Microsoft saw its revenue increase by 6pc since last year in the quarter ending 31 March, reaching US$17.41bn. Its operating income was up 12pc from the same period last year.
Its net income reached US$5.11bn, down from US$5.23bn in the same period last year. Its diluted earnings per share were US$0.60 per share, down from US$0.61 per share in the same quarter last year. However, Microsoft noted that during the prior period last year, net income and earnings per share included a US$461m and US$0.05 share tax benefit due to a tax settlement with the US Internal Revenue Service.
Its server and tools business saw US$4.57bn in revenue, a 14pc rise from last year. This was driven by double-digit growth of its SQL Server and more than 20pc growth in system centre revenue.
Microsoft’s business division saw a 9pc increase from last year, rising to US$5.81bn due to continued demand for Office 2010 for businesses and consumers.
Its Windows and Windows Live division experienced a 4pc increase in revenue to US$4.62bn. There was also ‘strong’ Windows 7 adoption and there are now up to 40pc of enterprise desktops on Windows worldwide.
Microsoft’s online services division revenue increased by 6pc, reaching US$707m. However, its entertainment and devices division’s revenue decreased by 16pc due to a ‘soft gaming console market.’ Microsoft emphasised that the Xbox 360 was still the top selling console in the US for the 15th consecutive month.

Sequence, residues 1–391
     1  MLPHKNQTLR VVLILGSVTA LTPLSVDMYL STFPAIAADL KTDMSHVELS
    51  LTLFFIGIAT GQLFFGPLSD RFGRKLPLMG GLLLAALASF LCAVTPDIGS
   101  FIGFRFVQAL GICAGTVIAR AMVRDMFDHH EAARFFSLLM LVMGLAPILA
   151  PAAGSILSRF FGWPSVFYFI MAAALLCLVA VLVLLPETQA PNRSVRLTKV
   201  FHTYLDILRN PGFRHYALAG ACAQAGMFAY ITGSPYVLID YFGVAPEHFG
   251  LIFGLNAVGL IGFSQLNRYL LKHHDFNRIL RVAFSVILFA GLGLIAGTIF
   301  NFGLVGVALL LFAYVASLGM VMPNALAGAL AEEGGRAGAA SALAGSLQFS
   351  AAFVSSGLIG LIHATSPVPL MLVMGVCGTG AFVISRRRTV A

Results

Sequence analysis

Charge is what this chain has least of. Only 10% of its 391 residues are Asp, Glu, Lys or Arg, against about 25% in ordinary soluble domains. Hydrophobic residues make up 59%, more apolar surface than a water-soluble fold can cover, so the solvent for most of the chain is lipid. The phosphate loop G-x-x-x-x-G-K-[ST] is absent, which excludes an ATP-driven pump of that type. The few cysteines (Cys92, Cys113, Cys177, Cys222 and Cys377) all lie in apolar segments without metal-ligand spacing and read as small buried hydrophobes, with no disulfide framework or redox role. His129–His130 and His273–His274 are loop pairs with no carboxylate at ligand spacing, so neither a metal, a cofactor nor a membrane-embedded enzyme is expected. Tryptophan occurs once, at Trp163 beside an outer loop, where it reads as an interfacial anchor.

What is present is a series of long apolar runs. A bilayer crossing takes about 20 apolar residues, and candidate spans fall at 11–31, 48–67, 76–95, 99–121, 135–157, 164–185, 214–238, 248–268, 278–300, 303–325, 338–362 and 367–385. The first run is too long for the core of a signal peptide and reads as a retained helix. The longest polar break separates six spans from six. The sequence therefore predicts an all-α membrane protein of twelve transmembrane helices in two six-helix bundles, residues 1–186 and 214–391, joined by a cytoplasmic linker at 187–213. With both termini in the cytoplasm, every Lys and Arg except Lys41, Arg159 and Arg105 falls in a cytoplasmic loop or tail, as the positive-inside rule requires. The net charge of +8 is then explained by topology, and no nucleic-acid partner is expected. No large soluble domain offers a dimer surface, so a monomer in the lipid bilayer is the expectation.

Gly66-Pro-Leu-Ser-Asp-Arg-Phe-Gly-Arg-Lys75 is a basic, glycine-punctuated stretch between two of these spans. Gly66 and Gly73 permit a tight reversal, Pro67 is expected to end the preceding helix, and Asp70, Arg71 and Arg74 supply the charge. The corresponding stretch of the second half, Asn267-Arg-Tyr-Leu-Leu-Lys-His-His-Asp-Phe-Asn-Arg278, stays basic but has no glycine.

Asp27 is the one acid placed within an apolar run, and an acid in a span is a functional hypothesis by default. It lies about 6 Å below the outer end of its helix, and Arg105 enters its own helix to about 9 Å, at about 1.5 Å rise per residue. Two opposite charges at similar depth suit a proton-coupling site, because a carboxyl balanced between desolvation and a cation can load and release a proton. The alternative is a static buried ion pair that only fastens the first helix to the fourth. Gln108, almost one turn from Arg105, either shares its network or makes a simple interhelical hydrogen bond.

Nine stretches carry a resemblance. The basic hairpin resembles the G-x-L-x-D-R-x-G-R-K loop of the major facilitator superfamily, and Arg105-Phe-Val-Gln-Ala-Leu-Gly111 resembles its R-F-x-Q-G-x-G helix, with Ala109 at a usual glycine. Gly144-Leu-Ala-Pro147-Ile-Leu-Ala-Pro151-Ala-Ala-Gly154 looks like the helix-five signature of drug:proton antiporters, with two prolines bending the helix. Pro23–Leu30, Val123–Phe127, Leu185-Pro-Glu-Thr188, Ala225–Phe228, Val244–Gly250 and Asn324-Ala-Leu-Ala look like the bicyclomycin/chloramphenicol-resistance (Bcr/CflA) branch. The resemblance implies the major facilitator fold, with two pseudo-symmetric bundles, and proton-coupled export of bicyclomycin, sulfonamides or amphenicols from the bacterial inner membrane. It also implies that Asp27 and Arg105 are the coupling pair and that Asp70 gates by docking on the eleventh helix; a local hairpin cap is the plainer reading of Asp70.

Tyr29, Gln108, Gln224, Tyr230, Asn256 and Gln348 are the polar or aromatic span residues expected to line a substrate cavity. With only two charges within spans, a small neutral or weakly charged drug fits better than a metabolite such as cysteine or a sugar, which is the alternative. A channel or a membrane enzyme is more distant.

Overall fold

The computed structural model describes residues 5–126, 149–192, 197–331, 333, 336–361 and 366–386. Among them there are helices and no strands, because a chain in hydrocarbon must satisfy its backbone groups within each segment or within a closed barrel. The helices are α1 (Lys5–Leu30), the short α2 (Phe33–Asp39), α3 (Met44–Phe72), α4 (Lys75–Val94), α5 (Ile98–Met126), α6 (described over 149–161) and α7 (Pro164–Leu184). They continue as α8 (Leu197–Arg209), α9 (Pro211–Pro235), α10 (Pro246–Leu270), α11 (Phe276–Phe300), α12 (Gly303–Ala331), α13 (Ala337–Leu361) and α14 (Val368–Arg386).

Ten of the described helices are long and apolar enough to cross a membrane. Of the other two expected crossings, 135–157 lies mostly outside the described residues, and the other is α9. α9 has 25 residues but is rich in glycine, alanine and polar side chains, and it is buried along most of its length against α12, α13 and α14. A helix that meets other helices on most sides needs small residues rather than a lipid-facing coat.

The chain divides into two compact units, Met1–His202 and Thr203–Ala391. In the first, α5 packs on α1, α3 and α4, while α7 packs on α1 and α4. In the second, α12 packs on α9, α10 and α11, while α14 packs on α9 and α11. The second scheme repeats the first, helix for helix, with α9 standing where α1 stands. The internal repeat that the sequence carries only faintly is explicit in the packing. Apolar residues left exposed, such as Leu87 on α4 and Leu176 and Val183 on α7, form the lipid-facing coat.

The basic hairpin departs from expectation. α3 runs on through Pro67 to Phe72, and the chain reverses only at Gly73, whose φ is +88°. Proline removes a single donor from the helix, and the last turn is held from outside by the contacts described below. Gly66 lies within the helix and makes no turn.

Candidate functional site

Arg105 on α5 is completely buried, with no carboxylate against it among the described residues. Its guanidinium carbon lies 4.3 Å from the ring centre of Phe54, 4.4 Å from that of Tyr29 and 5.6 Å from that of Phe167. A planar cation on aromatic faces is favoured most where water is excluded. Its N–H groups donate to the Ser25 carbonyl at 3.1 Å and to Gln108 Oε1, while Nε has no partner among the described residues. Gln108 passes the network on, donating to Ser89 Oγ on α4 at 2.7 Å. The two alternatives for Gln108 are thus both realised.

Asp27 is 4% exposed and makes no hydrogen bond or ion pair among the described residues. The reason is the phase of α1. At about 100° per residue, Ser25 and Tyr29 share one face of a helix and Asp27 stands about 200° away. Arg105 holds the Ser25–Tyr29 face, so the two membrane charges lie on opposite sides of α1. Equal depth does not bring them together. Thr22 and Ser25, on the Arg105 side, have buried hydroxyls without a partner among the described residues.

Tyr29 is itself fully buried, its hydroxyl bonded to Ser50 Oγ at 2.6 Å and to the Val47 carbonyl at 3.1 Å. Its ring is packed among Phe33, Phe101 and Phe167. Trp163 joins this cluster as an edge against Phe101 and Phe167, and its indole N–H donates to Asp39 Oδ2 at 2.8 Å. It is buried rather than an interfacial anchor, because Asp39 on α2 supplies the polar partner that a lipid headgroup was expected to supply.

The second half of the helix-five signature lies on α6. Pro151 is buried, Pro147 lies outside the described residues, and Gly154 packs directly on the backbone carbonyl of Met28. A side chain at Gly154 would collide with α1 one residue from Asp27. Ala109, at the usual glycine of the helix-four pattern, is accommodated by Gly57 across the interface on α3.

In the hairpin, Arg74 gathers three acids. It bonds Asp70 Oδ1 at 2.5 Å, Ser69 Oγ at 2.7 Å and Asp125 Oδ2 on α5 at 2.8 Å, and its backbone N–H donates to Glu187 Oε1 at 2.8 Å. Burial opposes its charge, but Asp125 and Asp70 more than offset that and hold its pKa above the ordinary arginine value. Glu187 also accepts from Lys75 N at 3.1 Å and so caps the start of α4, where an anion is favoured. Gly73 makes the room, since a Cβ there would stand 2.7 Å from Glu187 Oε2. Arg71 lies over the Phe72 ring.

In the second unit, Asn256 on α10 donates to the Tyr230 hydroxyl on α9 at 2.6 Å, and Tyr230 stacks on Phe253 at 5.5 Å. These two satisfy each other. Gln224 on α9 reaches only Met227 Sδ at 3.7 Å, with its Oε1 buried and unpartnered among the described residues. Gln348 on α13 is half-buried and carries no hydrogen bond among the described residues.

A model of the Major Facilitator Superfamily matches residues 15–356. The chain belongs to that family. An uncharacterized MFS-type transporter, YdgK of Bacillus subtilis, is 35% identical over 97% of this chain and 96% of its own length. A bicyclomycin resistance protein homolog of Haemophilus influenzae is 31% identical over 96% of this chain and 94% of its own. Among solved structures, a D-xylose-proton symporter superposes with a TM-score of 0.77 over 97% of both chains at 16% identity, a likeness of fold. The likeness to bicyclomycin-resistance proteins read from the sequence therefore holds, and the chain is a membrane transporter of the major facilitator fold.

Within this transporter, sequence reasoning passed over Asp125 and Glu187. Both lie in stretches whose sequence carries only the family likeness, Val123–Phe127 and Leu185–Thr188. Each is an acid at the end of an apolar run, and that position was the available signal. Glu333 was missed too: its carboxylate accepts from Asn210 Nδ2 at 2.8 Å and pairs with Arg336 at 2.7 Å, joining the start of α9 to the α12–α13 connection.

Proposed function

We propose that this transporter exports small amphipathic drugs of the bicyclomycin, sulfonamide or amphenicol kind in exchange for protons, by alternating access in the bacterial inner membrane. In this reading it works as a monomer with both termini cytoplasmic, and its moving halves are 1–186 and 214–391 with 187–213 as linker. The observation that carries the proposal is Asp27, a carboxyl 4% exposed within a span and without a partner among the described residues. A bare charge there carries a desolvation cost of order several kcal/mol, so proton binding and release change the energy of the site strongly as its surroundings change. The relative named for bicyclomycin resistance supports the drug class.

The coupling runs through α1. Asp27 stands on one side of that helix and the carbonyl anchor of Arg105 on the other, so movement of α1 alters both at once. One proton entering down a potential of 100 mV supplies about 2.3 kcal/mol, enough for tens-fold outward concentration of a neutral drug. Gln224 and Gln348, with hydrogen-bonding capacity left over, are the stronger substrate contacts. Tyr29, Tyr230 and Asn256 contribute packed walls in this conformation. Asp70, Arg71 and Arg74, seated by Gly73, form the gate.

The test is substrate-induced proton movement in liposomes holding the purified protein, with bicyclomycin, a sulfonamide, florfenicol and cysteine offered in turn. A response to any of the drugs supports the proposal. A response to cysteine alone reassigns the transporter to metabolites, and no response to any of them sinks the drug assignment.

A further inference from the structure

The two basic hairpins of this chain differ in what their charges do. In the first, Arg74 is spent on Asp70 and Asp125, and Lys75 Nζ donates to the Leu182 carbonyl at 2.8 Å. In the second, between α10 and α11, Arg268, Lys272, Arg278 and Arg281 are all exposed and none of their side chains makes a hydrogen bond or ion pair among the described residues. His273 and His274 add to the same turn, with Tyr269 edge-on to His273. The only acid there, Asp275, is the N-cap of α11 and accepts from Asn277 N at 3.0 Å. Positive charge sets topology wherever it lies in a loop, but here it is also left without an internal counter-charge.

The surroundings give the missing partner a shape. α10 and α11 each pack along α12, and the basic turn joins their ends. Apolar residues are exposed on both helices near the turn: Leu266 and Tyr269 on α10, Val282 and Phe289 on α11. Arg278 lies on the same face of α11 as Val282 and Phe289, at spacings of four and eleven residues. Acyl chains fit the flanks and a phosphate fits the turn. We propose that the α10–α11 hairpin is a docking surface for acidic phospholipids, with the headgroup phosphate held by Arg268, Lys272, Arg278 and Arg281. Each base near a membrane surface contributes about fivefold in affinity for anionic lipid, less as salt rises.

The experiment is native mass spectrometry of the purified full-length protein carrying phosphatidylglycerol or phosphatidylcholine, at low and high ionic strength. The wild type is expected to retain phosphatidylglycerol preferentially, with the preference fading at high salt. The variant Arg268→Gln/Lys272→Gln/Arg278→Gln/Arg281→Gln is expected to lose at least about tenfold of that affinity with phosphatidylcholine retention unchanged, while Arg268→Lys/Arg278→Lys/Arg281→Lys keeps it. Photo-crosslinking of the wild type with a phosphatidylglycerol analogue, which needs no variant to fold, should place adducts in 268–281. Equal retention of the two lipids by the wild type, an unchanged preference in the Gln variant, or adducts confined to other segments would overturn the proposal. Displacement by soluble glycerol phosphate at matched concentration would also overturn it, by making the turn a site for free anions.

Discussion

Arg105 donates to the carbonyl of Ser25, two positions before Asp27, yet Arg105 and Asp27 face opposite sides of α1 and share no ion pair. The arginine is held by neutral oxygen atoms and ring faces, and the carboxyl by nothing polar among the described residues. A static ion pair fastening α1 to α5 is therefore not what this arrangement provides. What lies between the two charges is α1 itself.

“We’re driving toward exciting launches across the entire company, while delivering strong financial results,” said Steve Ballmer, chief executive officer at Microsoft.
“With the upcoming release of new Windows 8 PCs and tablets, the next version of Office, and a wide array of products and services for the enterprise and consumers, we will be delivering exceptional value to all our customers in the year ahead,” he said.
For the future, Microsoft said it is revising its operating expense guidance downward, offering a range of US$28.3bn to US$28.7bn for the full year ending 30 June 2012.